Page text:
Today on ‘Things I Probably Laughed Too Hard At’…
Was it the picture or the dialogue that did the trick?
I can’t say that I laughed to hard, but the dialogue and punch line is what I found to be the truly amusing apart.
But, you know, cracks against the French and being fussy about cooking, just so appropriate for Victorian English, even if that happens to be anachronistic (which I’m not so sure it is).
It might be a crack, but hopefully not a very offensive one. After all, the French are the culinary masters of sauce, and that’s no joke.
Of course, if they produced decent food in the first place, they wouldn’t need to disguise the taste with fancy sauces 🙂
All countries used fancy sauces when meat and fish couldn’t be kept fresh. But the French were the first to stop this when fridges made this unnecessary. Ever heard about “Nouvelle Cuisine”?
I’ve been reliably told by food professionals, that the belief that heavy spicing/sauces/etc is false. Once meat has spoiled, no amount of spicing will cover it up. However, it was often used to disguise *poor quality* ingredients, but not rotten ones.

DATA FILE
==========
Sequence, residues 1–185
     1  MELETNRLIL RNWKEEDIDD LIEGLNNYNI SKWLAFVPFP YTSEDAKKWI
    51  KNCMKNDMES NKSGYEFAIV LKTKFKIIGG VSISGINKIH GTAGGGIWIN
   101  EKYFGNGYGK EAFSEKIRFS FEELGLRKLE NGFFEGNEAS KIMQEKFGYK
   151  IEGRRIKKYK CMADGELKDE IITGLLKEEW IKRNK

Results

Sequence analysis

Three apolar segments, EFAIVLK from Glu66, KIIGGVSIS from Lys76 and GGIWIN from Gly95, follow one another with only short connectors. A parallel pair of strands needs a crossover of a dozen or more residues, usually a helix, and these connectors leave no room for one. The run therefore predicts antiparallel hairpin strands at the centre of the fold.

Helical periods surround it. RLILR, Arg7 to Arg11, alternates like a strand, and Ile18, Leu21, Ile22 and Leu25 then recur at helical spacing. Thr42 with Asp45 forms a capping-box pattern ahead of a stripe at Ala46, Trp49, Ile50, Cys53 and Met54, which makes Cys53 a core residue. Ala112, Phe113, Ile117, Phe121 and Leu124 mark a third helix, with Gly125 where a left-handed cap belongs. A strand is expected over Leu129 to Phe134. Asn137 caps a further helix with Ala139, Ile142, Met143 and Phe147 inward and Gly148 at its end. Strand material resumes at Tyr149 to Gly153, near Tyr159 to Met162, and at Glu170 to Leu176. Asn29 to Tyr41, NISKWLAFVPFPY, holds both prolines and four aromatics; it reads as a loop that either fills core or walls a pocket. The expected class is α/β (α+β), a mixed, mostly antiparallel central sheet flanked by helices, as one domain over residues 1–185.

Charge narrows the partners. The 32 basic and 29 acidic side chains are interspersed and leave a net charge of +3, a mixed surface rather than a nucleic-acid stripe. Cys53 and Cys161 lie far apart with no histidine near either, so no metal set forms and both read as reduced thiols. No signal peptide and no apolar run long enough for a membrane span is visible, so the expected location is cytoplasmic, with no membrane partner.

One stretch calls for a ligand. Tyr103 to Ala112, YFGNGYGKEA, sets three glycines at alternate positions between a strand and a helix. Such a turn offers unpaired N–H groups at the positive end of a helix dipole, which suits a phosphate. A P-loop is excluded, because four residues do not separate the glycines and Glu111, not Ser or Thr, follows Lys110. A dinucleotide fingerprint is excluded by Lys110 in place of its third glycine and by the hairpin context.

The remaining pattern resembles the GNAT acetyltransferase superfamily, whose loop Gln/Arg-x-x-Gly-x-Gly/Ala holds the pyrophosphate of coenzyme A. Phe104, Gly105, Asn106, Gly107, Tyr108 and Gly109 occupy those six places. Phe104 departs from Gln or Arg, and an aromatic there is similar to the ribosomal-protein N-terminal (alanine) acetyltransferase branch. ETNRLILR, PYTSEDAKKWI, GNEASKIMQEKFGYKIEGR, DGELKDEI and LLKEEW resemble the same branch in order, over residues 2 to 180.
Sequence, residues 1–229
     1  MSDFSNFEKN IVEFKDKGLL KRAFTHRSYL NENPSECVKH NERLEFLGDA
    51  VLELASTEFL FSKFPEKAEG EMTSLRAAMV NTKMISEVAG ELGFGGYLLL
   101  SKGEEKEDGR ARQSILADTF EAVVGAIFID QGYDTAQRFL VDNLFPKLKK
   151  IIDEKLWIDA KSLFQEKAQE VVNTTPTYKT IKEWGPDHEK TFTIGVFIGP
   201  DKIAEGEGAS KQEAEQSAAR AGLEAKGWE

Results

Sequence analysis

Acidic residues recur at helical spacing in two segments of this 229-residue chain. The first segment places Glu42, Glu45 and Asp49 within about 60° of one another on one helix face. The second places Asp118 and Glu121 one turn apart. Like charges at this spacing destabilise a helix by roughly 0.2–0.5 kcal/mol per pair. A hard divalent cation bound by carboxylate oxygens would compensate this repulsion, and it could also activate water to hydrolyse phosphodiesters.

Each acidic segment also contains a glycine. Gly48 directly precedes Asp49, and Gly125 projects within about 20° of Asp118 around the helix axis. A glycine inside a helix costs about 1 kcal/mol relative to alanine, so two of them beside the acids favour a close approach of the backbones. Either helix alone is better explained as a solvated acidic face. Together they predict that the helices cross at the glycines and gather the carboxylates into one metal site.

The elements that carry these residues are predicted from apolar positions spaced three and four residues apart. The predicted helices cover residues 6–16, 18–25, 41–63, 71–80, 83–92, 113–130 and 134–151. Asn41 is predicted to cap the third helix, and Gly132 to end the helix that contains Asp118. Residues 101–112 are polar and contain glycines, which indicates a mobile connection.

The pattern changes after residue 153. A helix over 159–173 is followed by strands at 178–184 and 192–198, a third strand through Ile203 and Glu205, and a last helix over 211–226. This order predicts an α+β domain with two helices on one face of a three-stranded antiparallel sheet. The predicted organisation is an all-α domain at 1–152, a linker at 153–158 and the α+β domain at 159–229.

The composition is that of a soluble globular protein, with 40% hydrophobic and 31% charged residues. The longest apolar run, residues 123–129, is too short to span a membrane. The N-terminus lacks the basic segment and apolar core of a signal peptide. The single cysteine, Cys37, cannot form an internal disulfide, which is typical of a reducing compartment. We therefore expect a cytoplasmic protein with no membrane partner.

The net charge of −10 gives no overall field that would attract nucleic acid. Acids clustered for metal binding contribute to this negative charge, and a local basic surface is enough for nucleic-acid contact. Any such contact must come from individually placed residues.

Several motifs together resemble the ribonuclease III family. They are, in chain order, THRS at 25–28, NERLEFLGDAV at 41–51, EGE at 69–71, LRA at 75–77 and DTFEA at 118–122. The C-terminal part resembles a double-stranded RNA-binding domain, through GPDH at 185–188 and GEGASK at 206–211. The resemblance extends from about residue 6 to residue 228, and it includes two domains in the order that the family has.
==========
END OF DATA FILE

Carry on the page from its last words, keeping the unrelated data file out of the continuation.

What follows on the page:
I learn so much from my readers! I swear you guys all know more about stuff than the readers of any other webcomic!
We did have a very detailed and enlightening conversation about the works of Goya in the comments section of the Spying With Lana/Giant Girl crossover special once.
At least he didn’t call it a Kettle….
Oooo… I should’ve had him wearing a kettle! The handle could have been a chin strap!
The kettle is really worn only for formal occasions, I think.
It only just occurred to me, but that’s not a saucepan he’s wearing. It’s too broad relative to its height, and the sides slope.
I’m not entirely sure what it is, though. It’s a bit tall and narrow to be a skillet, (though not entirely out of the question). Probably not a Dutch oven, even if you discount the lack of a lid.
I suppose it could be a saucier, which is distinct from a saucepan. They *usually* have rounded sides, but some have sloped ones. I have the vaguest of feelings that sauciers weren’t invented by this time, but I have absolutely no facts to hang that on, and I’m certainly no Historian of Cookware.
No Historian of Cookware, huh?
Don’t you facepalm at me as if you don’t believe there’s such a thing as a Cookware Historian, young man! You know darn well that somewhere out there someone is currently preparing to defend their PhD thesis along the lines of “Micronutrients: How the Shift in Metallurgic Composition of Common Cookware Affected the Health and Wealth of the Appalachian Diaspora of the Mid Twentieth Century”.
You say that as if Ethnosocioeconomic Mettalurgy is an uncommon field of study…
Indeed. It’s a rich field and hard to find a topic for original research. In fact, a little digging unearthed that exact study published in the Peer Review Quarterly of Oxford’s College of Gastro-Archaeology, issue 3, volume XXIV. It was published by then Doctoral Candidate Fenton Gantolimane (no relation to the well-known twins Gregory and casper Gantolimane who dominated their field of East Norwegian Fence Design).